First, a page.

Even without the presence of legitimate arctic air, the Green Mountains are outperforming and securing a very positive start to the season. The nearly 40 inches of snow that has already fallen at Mad River is almost half of the seasonal total for last year. Incredible. We've managed to procure a good chunk of the snow with only minimal help from the prevailing weather pattern. That however is about to change.
We've done incredibly well on snow the last few days with marginal temperatures, making this forecaster look rather foolish. Additional snow is expected Tuesday night into early Wednesday. This is a storm that will do most of it's damage, from a precipitation standpoint, over the Mid-Atlantic States. A decaying area of moisture is expected to reach interior New England and impact all Vermont and precipitation will be all snow in the central and northern Greens but accumulations will be in that lighter 2-4 inch range, similar to what we saw Monday. Not bad though, all things considered, not bad at all.
The meat of the cold air in our reoriented weather pattern will arrive Friday. Terrain induced snow showers and a few snow squalls can be expected as the jet stream amplifies across the east coast late on Thursday and continuing into Friday. The driver of the southward push of arctic air is a block in the jet stream which will develop near the Bering Sea. Actually, over the last few days, ensembles have forecasted the center of this critical weather feature to set up a bit farther east over western Alaska. This will allow the cold to be a more significant player through about the time of the winter solstice.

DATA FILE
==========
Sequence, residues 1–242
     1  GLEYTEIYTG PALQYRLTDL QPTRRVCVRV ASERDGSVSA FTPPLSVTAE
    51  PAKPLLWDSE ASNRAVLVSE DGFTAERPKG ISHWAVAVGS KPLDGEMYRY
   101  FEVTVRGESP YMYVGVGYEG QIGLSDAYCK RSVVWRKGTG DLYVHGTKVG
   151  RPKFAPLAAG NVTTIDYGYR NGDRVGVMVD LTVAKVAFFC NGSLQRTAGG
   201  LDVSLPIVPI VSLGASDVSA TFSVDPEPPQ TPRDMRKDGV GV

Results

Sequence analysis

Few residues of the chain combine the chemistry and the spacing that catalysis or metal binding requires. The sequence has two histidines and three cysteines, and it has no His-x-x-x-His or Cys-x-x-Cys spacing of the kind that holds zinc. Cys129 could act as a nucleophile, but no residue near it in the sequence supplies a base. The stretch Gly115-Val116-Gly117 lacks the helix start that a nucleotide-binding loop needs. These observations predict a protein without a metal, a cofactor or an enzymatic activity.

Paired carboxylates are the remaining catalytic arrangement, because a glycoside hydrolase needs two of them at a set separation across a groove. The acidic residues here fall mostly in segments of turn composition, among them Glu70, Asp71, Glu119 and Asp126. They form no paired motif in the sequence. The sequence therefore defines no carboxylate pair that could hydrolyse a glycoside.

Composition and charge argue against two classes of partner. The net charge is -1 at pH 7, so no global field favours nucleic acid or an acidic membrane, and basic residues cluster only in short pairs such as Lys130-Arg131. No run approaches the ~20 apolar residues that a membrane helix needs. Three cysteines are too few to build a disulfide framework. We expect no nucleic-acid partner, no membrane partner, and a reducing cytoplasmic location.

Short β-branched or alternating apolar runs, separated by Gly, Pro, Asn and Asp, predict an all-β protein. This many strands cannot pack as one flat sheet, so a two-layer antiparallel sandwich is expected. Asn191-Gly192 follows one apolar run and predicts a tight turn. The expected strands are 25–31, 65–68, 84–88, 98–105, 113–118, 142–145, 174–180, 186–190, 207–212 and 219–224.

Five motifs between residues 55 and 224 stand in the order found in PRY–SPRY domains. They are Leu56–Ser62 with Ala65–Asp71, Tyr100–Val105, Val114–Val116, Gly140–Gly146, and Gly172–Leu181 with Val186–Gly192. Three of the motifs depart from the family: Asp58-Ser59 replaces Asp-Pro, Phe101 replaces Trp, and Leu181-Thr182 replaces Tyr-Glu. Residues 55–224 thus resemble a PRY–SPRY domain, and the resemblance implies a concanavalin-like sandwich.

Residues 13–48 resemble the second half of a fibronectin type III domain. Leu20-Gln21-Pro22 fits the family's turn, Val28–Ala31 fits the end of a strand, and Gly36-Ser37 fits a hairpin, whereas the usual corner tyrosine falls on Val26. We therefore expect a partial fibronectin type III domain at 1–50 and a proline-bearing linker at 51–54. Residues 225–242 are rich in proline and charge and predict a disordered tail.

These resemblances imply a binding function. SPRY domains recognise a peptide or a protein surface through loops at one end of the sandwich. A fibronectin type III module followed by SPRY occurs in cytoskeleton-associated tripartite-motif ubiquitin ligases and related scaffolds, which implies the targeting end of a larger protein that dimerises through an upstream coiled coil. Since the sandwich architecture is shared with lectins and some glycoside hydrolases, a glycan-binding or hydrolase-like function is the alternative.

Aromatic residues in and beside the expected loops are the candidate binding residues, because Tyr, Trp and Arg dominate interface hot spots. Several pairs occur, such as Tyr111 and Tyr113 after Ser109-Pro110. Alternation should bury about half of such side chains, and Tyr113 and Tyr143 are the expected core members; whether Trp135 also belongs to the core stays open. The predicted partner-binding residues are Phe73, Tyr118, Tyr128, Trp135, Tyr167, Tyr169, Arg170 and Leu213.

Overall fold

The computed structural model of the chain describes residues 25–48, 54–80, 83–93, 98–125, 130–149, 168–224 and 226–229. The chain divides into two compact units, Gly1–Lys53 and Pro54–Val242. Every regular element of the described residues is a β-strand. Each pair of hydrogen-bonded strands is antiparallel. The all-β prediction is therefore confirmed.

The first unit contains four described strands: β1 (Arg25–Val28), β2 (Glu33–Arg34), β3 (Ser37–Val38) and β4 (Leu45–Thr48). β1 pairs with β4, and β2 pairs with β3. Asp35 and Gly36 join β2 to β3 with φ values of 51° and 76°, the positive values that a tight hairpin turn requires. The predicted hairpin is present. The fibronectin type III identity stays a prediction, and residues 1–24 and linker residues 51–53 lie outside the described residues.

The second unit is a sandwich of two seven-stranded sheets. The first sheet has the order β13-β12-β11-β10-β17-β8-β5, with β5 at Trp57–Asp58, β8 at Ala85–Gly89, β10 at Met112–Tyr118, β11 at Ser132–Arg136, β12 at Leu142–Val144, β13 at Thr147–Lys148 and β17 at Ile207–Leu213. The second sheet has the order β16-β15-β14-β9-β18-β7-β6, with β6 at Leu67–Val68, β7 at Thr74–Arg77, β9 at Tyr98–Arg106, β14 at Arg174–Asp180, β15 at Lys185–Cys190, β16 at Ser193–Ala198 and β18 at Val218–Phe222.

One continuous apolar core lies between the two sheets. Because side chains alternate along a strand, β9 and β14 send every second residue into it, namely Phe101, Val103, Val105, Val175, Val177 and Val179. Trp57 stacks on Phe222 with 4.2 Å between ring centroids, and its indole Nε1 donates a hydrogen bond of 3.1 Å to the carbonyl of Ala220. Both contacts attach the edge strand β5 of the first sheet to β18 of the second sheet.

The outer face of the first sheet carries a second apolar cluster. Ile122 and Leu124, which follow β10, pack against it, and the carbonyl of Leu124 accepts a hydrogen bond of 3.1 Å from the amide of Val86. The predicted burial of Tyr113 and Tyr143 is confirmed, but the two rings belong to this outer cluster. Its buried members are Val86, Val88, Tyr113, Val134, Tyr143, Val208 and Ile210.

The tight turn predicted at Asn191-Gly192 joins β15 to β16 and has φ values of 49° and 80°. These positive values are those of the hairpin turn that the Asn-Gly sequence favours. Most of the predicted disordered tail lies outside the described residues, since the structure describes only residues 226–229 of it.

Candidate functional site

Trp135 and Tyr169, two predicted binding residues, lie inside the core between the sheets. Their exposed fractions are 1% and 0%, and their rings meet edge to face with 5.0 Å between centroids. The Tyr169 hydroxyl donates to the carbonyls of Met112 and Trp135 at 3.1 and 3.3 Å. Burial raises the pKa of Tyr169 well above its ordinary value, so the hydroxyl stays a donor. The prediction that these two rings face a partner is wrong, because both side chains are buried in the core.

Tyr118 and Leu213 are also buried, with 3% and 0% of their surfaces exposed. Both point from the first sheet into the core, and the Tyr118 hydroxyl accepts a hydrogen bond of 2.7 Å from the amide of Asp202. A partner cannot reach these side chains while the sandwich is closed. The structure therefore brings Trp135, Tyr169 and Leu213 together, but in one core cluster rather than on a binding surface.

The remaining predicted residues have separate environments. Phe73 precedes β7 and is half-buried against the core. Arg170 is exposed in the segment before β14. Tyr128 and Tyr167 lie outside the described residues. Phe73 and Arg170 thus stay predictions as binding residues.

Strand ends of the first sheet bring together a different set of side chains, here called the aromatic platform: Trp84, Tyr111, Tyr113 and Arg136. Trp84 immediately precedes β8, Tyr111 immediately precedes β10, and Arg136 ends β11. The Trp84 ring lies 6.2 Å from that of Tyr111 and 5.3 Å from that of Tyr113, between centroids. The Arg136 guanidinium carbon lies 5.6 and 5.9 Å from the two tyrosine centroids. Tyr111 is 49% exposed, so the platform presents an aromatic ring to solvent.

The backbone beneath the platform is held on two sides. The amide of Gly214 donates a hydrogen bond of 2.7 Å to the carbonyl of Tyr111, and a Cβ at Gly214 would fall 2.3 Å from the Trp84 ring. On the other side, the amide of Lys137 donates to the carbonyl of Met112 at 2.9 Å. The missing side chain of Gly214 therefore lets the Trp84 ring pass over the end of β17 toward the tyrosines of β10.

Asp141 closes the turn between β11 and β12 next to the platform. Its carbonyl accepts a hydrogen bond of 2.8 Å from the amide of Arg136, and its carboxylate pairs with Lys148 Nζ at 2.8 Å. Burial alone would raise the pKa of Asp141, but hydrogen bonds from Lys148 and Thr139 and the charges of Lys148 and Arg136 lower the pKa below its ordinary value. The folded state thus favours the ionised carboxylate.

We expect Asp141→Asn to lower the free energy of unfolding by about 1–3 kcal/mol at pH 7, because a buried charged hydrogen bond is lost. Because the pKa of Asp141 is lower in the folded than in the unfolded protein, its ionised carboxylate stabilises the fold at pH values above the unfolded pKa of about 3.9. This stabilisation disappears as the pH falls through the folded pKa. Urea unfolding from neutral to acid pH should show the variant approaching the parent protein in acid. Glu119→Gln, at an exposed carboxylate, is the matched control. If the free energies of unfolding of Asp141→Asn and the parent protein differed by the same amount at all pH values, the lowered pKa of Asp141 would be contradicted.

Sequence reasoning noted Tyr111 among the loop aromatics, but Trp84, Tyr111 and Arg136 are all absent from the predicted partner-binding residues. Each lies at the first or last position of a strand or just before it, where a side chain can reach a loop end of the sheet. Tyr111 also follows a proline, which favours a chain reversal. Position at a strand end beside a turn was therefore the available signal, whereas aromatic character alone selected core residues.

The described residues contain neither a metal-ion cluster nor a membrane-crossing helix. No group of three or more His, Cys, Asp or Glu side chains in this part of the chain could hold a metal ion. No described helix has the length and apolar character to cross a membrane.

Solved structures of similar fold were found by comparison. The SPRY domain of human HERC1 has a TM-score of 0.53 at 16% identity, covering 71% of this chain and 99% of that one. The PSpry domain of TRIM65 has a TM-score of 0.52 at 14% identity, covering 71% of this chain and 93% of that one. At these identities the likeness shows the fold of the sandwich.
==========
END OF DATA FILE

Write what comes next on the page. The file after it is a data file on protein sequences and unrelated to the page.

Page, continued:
That said, mild air will continue to fight for control of the weather along the east coast of the United States. Vermont along with the rest of interior New England are in the best shape to avoid much of the mild air but following a cold and wintry weekend, which should at least a few inches of terrain enhanced snow, we should see temperatures moderate for the early part of next week. Somewhere in that Tuesday/Wednesday time frame (Dec13-14) we could certainly get a significant weather event. Could be snow, could be snow and a mixture of other stuff but we will need a few days to figure that all out.
Some brutally cold December temperatures are possible for the very end of next week (Around Dec 16). The cold should continue into that weekend and then there are hints that the pattern relaxes a bit. No indications as of now though of a complete shift toward unrelenting warmth but simply a move from cold back to normal. More snowfall is certainly possible as this happens so though I can't claim to have any inside information, I am sure that there is talk of getting parts of the mountain open given what we expect in the upcoming two weeks.